Making a list of start-up hubs is a sure way to lose friends though Beirut, Dubai and Amman would have to be on any list. Also, within Israel, there are many programmes for Arab Israeli entrepreneurs. For example StarTau, a well known incubator in Tel Aviv, runs the MASAR (from Arabic: "route") forum. Both Beirut and Dubai benefit from multiculturalism. Many Lebanese are well educated in 3 different languages (English, French and Arabic) and the diaspora gives them close links with people and places all over the world. The negatives are infrastructure (particularly telecoms) as well as the size of their domestic market. Beginning in the early 1970s, Dubai has succeeded in attracting people from all over the world including many fleeing the Lebanese civil war. As the astonishing growth of recent years slows, the UAE government have established a number of regulatory entities to support entrepreneurs. It helps that successful entrepreneurs are heroes in Dubai, where magazines and TV programmes cater for the hopes and dreams of modern day Dick Wittingtons. From Galway in Ireland, Paul Kenny founded e-commerce and discount voucher firm Cobone in 2010 aged just 25. The company now has 120 employees (which come from 26 nationalities) and six regional offices covering UAE. Saudi Arabia, and Egypt. Paul won Middle East Entrepreneur of the Year 2012 as well as Ernst & Young Emerging Entrepreneur of the Year 2012. He told the Irish Independent newspaper: “This really is a new market. There are no internet companies out here. You can't even buy books online. It's the first time people have been able to do something like this, it's changing the landscape of e-commerce”

The first thing to say about Amman, capital of Jordan, is that it suffers from the unfortunate desire of a very persistent apparatchik to brand it Silicon Wadi. It is the headquarters of Oasis500, which is the MENA region’s principal seed investor and incubator. Jordan also gets kudos from the purchase by Yahoo! of Maktoob, an Arabic email service, in 2009 for $85m. There is a paradox that many of the best ideas come out of Jordan because it lacks the kind of regulatory framework than stifles entrepreneurs in other countries. A Jordanian friend likes to say to me that the government want to get more involved but can´t agree how to, adding “long may this continue!” With a mere 3% of the internet in Arabic, the opportunities are there.  Google is supporting Arabic Web Days  a one-month program for the MENA region with the tagline; “It’s better in Arabic”. Similarly, Twitter is looking to build on the influence it gained through the Arab Spring by launching their Promoted Products service. Both are tools by which entrepreneurs can get their products in front of customers quickly and reliably. This is something that is taken for granted in Europe and the US but not always available in every part of the world.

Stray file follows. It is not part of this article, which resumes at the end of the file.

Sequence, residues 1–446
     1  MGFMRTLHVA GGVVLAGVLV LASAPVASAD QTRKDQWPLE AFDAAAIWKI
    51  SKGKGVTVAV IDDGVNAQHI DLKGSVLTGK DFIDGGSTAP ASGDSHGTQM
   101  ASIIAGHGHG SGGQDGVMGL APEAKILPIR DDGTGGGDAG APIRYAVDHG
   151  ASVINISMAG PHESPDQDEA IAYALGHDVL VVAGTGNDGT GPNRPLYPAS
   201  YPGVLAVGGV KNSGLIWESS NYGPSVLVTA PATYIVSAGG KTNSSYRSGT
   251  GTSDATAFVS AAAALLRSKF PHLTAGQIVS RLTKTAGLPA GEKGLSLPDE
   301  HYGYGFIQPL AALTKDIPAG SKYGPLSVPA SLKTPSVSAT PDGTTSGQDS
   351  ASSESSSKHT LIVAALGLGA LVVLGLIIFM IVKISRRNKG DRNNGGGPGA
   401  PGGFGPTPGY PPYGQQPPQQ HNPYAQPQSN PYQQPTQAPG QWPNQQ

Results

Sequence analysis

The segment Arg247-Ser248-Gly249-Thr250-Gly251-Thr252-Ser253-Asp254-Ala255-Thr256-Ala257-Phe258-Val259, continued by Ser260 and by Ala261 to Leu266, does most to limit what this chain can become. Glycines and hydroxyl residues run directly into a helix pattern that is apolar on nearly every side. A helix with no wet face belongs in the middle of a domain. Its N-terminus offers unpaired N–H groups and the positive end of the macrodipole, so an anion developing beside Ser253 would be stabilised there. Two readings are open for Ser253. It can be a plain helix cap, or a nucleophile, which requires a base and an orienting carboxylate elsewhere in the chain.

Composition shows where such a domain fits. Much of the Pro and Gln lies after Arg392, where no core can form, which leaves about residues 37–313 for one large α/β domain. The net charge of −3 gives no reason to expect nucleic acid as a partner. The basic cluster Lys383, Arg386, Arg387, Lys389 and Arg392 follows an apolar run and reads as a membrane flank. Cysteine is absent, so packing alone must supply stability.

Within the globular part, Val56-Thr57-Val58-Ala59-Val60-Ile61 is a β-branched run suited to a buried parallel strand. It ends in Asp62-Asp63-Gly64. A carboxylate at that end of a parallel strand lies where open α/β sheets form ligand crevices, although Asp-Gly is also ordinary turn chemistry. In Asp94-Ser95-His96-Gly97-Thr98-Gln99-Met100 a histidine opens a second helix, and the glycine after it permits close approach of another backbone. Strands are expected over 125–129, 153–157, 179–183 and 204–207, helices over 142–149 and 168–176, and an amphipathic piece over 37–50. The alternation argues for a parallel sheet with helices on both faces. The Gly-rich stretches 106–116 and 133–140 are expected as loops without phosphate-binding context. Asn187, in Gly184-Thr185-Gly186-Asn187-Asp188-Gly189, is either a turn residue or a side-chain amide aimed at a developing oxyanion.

Women

Recently, I asked a US marine who had served in the reconstruction of Iraq what did he learn from the time he had spend there? What he told me was same thing an Irish Lieutenant had told me abut his time as a UN peacekeeper in West Africa. And the message? Engage with the women, they are the ones that really run things. In Fallujah, he recalled, shortly after changing the message to: “If you can get you husband to stop shooting at me, then I will build a school for your kids”, the atmosphere stabilised and causalities on both sides decreased. The internet has been a tremendous advance for women in the Middle East who like to do the same things as women everywhere like to do but who were restricted by cultural norms. As internet connectivity increases, on line shopping and tastemaking social networks are a huge growth area. For consumers, employees and entrepreneurs alike, the flexibility to work from home has opened many new opportunities.  

Entrepreneurship in the Arab world is like entrepreneurship everywhere else.  Everyone is born an entrepreneur, but for many the environment they are in does not allow them to express themselves. For example. finding a way for well educated women to be part of the workforce is a problem throughout the world. Similarly access to capital, talent and markets is a problem that every start-up faces. The story from the MENA region is that things have gotten better and that there is much more to come. Starting a company though is never easy, no matter where you are. But at least if Arab Entrepreneurs fail, it will be for mistakes that they have made themselves as opposed to decisions made by others. That is new and that is very welcome.

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Joe Haslam

Joe Haslam

Joe Haslam was born in Ireland but now lives in Madrid. He is the Executive Director of the Owners and Entrepreneurs Management Program at the IE Business School in Madrid, as well as the Chairman of Hot.co.uk Hotels. You can follow him on Twitter at @joehas